Wednesday, February 18, 2009

Budget Woes Again Threaten Chicago Transit Lines

New state and local taxes imposed last year won't be enough to balance the books this year for three Chicago region public transportation agencies. The Chicago Tribune reports that tax revenues are running below forecasts due to the weak economy and that a new "doomsday scenario" threatens the Chicago Transit Authority, which operates subways, elevated trains and buses in that city, Metra, which runs the commuter trains, and PACE, the suburban bus line.
"State lawmakers thought they fixed the funding problems, at least for 5 to 10 years, when they voted to increase mass-transit subsidies by boosting the transit portion of the sales tax in the six-county area. Chicago also increased its real estate transfer tax, directing more money to the CTA.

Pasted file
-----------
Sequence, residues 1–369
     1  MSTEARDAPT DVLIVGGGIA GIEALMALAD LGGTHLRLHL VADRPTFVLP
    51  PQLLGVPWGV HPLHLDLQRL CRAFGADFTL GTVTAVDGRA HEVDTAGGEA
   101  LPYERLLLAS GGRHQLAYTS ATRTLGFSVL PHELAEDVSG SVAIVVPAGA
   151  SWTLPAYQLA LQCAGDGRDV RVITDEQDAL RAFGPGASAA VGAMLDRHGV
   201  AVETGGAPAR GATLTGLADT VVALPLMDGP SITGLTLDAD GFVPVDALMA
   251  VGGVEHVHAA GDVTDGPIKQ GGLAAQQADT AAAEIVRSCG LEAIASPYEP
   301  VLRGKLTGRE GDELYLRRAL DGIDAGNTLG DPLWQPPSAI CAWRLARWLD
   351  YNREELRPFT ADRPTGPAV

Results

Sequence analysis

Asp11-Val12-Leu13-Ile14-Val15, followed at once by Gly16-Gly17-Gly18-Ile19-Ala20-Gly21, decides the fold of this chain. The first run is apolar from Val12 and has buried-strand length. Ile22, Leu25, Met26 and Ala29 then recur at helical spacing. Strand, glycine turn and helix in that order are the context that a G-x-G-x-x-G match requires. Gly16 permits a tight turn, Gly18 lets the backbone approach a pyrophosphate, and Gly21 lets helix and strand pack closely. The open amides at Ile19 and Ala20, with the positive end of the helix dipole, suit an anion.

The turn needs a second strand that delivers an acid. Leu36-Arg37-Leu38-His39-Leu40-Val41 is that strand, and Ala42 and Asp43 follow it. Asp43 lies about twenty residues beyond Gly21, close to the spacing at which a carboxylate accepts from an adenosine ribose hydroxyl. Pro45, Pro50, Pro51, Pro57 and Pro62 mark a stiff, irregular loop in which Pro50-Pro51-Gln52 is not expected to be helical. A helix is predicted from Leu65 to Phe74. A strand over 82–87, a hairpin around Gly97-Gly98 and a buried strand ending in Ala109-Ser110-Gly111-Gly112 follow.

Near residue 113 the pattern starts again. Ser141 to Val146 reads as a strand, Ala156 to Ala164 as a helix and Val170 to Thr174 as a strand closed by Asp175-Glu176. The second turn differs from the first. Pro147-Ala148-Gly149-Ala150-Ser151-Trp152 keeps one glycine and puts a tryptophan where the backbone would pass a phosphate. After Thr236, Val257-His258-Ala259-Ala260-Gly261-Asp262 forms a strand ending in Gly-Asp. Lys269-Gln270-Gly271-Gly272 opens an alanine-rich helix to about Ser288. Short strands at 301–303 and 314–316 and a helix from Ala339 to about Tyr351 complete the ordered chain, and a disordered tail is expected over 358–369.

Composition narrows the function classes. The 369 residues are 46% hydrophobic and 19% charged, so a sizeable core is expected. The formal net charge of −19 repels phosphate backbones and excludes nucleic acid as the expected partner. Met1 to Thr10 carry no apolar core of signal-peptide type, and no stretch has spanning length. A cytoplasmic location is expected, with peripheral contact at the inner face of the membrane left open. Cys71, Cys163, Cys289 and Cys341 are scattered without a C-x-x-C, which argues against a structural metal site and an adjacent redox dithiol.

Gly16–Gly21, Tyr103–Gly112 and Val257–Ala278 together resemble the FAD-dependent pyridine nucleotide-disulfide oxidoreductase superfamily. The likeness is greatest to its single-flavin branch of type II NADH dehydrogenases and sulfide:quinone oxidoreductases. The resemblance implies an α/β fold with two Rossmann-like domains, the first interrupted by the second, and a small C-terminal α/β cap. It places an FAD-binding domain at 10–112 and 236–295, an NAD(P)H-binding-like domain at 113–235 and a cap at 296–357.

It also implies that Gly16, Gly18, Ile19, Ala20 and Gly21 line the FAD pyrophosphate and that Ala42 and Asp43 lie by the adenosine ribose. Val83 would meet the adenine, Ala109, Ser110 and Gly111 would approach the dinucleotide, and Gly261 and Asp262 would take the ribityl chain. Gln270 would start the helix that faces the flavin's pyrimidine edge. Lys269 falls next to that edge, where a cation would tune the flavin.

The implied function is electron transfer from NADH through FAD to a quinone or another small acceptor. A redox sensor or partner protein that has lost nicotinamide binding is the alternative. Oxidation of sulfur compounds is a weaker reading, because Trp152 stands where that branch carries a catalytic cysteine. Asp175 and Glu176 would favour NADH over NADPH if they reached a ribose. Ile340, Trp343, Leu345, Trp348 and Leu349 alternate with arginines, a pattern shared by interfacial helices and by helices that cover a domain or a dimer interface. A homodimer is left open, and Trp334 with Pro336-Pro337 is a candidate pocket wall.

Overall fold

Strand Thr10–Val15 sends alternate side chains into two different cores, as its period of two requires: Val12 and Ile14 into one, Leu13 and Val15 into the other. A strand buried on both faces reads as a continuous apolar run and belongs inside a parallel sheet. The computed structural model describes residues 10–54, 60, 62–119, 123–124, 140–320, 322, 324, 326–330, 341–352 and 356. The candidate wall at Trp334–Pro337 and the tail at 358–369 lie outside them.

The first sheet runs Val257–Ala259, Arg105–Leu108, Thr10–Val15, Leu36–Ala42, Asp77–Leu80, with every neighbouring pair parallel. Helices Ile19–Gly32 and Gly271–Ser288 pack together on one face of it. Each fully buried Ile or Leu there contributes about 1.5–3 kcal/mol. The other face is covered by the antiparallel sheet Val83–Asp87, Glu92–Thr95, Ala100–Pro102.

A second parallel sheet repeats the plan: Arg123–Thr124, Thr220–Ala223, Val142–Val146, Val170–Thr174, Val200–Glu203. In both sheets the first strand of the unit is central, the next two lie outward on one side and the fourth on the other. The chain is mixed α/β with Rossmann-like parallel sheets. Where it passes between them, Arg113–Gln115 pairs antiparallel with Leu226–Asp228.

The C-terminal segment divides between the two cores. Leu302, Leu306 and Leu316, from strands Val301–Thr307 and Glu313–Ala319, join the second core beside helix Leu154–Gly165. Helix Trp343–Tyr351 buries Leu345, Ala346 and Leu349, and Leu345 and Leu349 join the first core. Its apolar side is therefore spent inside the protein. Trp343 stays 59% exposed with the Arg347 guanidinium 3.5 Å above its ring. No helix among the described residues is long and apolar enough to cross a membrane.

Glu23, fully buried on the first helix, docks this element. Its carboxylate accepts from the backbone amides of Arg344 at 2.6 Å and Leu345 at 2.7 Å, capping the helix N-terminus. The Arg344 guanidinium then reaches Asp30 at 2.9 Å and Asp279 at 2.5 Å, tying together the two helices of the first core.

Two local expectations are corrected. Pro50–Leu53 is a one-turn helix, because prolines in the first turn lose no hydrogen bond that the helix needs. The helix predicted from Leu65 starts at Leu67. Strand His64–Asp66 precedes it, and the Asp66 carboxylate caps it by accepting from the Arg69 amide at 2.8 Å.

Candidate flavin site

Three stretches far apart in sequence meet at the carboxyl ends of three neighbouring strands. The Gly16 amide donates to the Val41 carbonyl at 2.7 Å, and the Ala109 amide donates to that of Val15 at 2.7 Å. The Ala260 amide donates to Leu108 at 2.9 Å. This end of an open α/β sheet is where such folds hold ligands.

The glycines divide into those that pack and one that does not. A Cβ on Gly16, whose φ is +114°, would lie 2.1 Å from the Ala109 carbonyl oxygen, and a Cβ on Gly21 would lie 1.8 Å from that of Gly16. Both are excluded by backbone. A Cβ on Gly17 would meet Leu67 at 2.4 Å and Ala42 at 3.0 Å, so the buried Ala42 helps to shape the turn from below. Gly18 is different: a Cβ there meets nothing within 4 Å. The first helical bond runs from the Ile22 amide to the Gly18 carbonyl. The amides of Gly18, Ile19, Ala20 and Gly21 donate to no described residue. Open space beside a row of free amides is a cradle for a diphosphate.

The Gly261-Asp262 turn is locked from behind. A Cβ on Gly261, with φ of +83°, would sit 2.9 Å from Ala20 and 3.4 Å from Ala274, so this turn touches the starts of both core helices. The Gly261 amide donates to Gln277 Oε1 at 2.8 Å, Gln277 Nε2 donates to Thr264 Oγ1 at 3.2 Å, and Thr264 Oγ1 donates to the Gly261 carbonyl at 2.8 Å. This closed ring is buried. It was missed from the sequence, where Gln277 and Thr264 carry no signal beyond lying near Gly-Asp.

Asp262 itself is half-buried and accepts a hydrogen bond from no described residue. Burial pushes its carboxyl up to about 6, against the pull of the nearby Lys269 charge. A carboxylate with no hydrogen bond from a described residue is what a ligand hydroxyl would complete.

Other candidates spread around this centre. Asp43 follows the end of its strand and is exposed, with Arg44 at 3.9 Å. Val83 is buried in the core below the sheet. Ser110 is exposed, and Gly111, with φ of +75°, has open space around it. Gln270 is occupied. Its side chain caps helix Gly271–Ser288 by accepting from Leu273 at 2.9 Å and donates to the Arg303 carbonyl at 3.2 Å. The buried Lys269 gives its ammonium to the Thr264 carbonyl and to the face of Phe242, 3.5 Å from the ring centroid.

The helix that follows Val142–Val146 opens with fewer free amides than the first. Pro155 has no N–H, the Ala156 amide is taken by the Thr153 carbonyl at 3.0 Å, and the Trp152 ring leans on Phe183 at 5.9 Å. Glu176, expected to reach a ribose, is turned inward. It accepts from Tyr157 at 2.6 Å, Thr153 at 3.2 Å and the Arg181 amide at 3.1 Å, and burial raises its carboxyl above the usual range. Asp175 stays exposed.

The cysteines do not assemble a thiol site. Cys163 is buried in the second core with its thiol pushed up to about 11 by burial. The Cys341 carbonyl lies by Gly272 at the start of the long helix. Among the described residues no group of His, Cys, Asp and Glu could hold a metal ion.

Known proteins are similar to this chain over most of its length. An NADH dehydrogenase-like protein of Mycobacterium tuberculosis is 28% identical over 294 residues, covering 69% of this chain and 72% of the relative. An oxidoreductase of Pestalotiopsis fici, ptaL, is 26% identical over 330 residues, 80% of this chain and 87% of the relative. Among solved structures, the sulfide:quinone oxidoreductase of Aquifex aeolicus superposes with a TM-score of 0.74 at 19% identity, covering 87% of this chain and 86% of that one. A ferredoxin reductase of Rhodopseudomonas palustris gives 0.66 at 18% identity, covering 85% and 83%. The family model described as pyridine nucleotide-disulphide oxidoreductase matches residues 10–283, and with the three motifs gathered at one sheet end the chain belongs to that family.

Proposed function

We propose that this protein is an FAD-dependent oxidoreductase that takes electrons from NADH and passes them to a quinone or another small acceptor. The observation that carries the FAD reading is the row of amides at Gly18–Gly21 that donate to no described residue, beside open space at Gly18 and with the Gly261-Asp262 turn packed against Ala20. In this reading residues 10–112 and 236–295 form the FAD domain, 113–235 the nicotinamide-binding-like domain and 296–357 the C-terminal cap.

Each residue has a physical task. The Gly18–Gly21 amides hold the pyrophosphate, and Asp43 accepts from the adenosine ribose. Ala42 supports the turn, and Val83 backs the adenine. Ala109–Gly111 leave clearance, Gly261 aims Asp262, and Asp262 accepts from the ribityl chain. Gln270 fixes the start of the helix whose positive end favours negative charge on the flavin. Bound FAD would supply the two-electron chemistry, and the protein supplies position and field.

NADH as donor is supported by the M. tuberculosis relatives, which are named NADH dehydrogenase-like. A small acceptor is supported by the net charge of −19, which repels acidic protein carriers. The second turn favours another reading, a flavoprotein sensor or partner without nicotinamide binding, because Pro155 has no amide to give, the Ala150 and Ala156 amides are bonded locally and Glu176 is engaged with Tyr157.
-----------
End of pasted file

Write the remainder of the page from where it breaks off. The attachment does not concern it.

But sales taxes and real estate taxes have plummeted during the economic slowdown, reigniting the budget crisis.

"We all thought that the hard-won . . . legislation would provide sufficient resources to operate our system," RTA Executive Director Steve Schlickman wrote to the heads of the transit agencies. "And while that legislation did increase our funding, as soon as it became law, economic conditions wiped out much of what we gained."
Jim Reilly, chair of the Regional Transportation Authority, the board that oversees finances at the three agencies, told Chicago Public Radio that the agencies shouldn't look to the state legislature for a new bailout. He added his agency hopes to find solutions that don't involve fare hikes or service reductions. CTA raised fares last month.

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